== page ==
Doctor's Review: Medicine on the Move

October 28, 2021
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Canada's Regal Retreats

Experience Relais & Châteaux's world of elegance at one or all 12 of its Canadian properties

The elite fellowship of small hotels and country inns known as Relais & Châteaux began with a handful of hostelries on the highway from Paris to Nice in 1954. So much for humble beginnings: in 2000, its Paris headquarters is a tower of prestige representing 427 hotels and restaurants in 43 countries. The chain evokes a marriage of genteel surroundings and exceptional comforts embodied in five enshrined "Cs:" character, calm, courtesy, comfort and cuisine. If you qualify for Relais & Châteaux, you're one of the best in the world, it's that simple.

You may be surprised to learn that Relais & Châteaux has been a presence in Canada for 29 years: hotelier Jean-Louis Dufresne brought Quebec's La Sapiniere into the fold in 1971. Sapiniere is no longer a Relais, but Canada's membership has jumped to a dozen properties that span the country, from the Atlantic to the Pacific. And the name is clearly no stranger to DOCTOR'S REVIEW readers since the response to our Relais & Châteaux contest was overwhelming. With this in mind, we present an overview of the 12 remarkable Canadian properties.

St. Andrews-by-the-Sea, NB
The setting is the old Loyalist town and tourism juggernaut on the Bay of Fundy, whose tides are the highest in the world. The gabled cedar manse was built in 1897 for Thomas Wheelock, a china trader and owner of a cargo fleet. Immaculately landscaped grounds bolster first impressions, and the interior follows through with guest rooms and suites with king-size canopied beds, two-metre whirlpool baths, thermostat-controlled fireplaces and fresh flowers everywhere.

The dining-room table seats 16 guests, and guests only, because of local licensing regulations. Dinner should be a rollicking affair, but who wants to dine elbow-to-elbow with people they barely know? "By the time they've had two meals together," confided innkeeper Harry Chancey Jr., "our guests have bonded."

Food acts as a social glue, and the menu changes nightly: the gastronomic fusillade might include prosciutto paired with crushed-olive tapenade, scallops in hazelnut crusts, lamb with rosemary and chocolate tart with brandied cherries. Breakfast is no slouch either: Eggs Loyalist (poached eggs on a croissant, capped with smoked salmon and drizzled with a gossamer hollandaise) prove to be a stylish start to the day. (Tel: 506-529-1897; fax: 506-529-1197;;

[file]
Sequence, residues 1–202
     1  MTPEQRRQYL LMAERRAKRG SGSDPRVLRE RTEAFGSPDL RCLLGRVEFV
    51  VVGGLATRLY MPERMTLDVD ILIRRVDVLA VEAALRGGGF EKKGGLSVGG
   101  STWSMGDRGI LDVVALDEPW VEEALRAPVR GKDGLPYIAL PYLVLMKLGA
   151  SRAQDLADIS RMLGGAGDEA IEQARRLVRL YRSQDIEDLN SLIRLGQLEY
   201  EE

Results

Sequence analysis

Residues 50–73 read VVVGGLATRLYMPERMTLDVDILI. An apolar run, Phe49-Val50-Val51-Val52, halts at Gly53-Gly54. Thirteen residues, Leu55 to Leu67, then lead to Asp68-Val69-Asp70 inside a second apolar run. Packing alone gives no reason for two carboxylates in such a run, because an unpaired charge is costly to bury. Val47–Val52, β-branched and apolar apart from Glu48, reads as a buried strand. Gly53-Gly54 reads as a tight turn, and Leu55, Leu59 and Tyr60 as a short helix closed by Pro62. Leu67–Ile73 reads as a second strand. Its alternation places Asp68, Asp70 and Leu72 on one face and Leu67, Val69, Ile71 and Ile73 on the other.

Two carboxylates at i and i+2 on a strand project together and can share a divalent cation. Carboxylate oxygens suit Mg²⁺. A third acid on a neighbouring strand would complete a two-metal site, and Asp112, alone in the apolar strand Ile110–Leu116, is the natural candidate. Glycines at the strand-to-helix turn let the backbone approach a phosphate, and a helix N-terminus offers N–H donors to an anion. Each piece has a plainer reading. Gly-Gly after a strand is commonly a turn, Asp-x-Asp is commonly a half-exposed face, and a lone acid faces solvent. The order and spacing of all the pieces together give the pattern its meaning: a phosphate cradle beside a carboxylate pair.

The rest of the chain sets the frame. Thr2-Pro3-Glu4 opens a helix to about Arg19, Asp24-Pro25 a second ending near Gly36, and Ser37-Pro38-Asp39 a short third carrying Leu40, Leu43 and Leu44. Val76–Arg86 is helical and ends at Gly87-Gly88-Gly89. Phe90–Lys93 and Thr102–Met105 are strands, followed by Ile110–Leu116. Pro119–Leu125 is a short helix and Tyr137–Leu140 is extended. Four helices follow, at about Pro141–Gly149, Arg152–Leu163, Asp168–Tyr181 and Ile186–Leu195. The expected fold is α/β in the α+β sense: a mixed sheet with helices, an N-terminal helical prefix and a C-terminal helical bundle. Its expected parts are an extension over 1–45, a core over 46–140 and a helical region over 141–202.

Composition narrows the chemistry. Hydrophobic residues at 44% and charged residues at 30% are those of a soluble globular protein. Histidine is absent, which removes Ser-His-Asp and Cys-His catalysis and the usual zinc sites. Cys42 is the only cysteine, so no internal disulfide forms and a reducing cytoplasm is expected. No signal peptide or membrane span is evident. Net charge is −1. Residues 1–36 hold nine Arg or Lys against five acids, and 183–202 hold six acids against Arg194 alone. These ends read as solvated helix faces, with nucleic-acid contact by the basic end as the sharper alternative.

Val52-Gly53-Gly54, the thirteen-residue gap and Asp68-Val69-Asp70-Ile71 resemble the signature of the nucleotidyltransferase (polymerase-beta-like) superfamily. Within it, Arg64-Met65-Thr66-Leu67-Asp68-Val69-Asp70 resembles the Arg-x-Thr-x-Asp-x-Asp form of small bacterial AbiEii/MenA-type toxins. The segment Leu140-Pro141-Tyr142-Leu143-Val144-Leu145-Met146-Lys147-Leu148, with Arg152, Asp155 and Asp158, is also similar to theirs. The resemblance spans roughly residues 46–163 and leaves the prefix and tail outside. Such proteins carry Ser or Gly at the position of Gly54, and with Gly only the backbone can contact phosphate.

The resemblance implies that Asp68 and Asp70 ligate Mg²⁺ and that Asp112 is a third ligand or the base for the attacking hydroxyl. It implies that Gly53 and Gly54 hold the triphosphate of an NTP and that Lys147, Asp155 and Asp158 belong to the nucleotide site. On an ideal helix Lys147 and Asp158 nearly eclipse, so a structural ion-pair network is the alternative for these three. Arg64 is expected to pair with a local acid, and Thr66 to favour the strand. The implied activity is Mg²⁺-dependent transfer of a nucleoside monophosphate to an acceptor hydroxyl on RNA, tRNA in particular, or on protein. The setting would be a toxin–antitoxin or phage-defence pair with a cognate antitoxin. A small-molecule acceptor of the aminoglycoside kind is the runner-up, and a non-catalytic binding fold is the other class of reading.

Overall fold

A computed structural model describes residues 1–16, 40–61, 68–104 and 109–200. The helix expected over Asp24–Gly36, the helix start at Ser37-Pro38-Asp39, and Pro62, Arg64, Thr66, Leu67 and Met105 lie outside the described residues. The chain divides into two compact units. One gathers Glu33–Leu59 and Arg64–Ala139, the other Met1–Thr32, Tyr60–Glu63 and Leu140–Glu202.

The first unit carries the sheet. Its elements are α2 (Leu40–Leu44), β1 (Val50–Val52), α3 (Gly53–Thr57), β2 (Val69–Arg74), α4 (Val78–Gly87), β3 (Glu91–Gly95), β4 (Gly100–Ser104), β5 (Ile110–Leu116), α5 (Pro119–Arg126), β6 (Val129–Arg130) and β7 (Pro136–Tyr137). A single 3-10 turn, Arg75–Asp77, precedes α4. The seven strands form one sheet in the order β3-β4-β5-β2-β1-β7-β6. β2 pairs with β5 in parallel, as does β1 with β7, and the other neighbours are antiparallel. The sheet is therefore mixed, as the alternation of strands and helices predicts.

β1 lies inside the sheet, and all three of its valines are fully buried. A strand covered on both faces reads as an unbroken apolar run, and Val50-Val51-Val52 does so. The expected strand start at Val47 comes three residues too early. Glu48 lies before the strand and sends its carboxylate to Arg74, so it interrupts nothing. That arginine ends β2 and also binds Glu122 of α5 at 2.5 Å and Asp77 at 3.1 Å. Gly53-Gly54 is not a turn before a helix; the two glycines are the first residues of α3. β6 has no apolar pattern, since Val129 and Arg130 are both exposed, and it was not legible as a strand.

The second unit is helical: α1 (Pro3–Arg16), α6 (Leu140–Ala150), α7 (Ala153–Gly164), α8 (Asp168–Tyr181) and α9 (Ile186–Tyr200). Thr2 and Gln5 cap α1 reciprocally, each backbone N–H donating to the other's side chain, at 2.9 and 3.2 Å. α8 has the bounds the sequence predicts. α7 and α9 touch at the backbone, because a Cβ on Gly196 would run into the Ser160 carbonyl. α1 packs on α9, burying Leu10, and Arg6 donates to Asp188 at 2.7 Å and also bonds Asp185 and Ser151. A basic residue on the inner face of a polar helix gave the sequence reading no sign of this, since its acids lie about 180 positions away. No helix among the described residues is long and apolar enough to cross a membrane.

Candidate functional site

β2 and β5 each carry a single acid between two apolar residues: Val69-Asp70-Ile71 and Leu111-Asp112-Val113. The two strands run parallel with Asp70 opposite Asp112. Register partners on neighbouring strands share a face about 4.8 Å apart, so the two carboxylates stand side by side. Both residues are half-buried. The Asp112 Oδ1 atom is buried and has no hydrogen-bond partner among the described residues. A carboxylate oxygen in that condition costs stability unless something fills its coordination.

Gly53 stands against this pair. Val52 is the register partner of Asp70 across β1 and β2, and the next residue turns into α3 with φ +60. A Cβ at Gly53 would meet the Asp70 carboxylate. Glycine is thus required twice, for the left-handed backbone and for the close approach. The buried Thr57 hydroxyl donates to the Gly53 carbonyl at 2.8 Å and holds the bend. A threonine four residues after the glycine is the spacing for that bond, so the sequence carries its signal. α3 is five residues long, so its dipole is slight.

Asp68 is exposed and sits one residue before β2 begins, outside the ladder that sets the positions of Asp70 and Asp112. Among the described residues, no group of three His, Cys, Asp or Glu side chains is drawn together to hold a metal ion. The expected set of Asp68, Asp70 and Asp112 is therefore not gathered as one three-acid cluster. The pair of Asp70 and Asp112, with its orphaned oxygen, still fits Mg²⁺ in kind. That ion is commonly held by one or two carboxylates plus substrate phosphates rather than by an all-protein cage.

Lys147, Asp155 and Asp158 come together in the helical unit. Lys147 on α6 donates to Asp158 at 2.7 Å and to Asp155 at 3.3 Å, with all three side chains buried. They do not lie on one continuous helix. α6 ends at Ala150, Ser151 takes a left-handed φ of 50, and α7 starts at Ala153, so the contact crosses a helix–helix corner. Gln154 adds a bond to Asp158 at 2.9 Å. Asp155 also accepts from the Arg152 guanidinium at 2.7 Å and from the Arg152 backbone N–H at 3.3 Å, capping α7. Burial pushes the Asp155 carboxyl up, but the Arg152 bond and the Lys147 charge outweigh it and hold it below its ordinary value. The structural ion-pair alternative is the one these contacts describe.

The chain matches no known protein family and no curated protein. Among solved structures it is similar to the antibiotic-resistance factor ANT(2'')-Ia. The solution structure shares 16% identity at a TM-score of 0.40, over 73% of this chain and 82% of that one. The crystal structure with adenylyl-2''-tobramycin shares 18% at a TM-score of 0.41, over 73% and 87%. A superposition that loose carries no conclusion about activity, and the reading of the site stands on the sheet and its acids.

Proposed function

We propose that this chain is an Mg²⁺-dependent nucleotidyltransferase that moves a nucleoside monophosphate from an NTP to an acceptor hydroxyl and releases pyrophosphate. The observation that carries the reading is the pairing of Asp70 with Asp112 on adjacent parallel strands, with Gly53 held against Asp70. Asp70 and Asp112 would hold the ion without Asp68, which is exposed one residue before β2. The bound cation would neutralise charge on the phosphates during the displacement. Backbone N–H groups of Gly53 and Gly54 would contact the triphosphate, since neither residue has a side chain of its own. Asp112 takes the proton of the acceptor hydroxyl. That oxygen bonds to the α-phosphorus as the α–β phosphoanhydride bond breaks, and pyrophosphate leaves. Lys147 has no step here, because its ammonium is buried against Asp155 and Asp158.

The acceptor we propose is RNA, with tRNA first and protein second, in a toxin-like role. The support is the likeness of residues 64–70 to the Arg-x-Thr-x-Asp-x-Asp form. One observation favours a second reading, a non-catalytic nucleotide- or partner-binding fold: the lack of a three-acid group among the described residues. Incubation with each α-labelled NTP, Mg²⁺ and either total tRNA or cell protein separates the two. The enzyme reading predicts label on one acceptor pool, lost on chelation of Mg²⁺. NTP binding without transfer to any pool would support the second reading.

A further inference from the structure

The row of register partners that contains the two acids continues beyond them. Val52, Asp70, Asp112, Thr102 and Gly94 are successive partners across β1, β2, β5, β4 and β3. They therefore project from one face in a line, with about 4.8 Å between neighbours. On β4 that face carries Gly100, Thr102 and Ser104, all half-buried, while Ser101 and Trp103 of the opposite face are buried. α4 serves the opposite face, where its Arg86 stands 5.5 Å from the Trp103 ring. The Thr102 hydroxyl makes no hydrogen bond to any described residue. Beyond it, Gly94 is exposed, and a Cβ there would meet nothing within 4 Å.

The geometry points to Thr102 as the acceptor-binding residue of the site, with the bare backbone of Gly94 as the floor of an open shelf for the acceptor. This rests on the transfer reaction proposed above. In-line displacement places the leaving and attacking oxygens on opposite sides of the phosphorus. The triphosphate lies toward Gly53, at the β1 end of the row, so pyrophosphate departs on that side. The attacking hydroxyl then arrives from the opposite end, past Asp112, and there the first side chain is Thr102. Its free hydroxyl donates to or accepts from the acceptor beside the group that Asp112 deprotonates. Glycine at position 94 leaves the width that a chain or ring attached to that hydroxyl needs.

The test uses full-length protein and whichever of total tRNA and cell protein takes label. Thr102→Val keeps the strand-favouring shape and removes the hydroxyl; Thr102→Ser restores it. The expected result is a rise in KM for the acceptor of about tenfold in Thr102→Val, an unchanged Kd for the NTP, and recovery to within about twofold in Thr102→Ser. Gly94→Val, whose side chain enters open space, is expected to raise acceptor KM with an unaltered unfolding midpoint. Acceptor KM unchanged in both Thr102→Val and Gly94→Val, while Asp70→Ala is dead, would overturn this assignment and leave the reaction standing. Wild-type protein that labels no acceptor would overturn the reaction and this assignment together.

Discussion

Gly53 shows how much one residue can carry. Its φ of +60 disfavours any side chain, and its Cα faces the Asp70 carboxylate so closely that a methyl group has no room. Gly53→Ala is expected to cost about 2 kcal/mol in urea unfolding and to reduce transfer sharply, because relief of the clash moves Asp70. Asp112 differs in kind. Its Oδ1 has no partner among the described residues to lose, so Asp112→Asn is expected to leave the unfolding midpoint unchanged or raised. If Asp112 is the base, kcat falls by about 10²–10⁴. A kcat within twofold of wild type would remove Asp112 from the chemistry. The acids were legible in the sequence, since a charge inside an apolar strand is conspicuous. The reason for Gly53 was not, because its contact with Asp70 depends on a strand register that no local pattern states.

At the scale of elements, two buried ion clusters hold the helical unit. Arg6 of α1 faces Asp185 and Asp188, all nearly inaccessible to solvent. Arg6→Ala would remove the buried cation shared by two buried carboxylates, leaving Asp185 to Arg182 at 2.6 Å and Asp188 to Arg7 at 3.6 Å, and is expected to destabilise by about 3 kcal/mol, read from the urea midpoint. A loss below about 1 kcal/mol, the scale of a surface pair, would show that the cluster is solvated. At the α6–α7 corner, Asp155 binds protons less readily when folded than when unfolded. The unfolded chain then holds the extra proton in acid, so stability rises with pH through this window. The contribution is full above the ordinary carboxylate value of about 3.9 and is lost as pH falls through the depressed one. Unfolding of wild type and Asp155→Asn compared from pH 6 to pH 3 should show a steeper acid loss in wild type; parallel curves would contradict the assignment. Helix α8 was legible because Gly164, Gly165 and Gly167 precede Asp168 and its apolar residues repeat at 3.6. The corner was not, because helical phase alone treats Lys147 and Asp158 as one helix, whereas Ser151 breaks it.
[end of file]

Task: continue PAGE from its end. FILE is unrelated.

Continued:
Cap-â-l'Aigle, QC
La Pinsonnière is a white-frame country house that overlooks the St. Lawrence River from the cliffs of Charlevoix. Four-poster beds, whirlpool baths and fireplaces up the luxury quotient in its best rooms. A mini-spa rounds out the pampering with innovative treatments, such as the rain-bed massage (like a tropical monsoon) and four-hand massage, in which two therapists go to work on you. Charlevoix is a UNESCO World Biosphere Reserve, and in late summer, whale-watching on the Saguenay River is spectacular.

Cuisine has always been a priority, with the menu rhyming off such gastro-highs as quail with hazelnuts and rhubarb or Quebec lamb in a pastry and scallops in "virgin" sauce. The pride of the house remains its 10,000-bottle wine cellar, and the resident sommelier keeps you right on top of it. (Tel: 800-387-4431; fax: 418-665-7156;;

St-Marc-sur-Richelieu, QC
A longtime favourite with business travellers, Trois Tilleuls sits like a green and gold summer postcard, complete with gazebo and pleasure boats on Quebec's Richelieu River, only 30 kilometres from Montreal. Boating, swimming and fishing built an appetite for chef Jean-Franìois Methot's unusual cuisine: he revels in salads of quail livers -- teeny, tiny bites no larger than punctuation marks -- and duck gizzards. He shows a fondness for pairings such as Atlantic salmon and shrimp tempura or Quebec foie gras with juicy magret, or duck breast for a double whammy. In autumn, the chef takes guests hunting for pheasant or wild boar and then prepares wild-game dinners. (Tel: 800-263-2230; fax: 450-584-3146)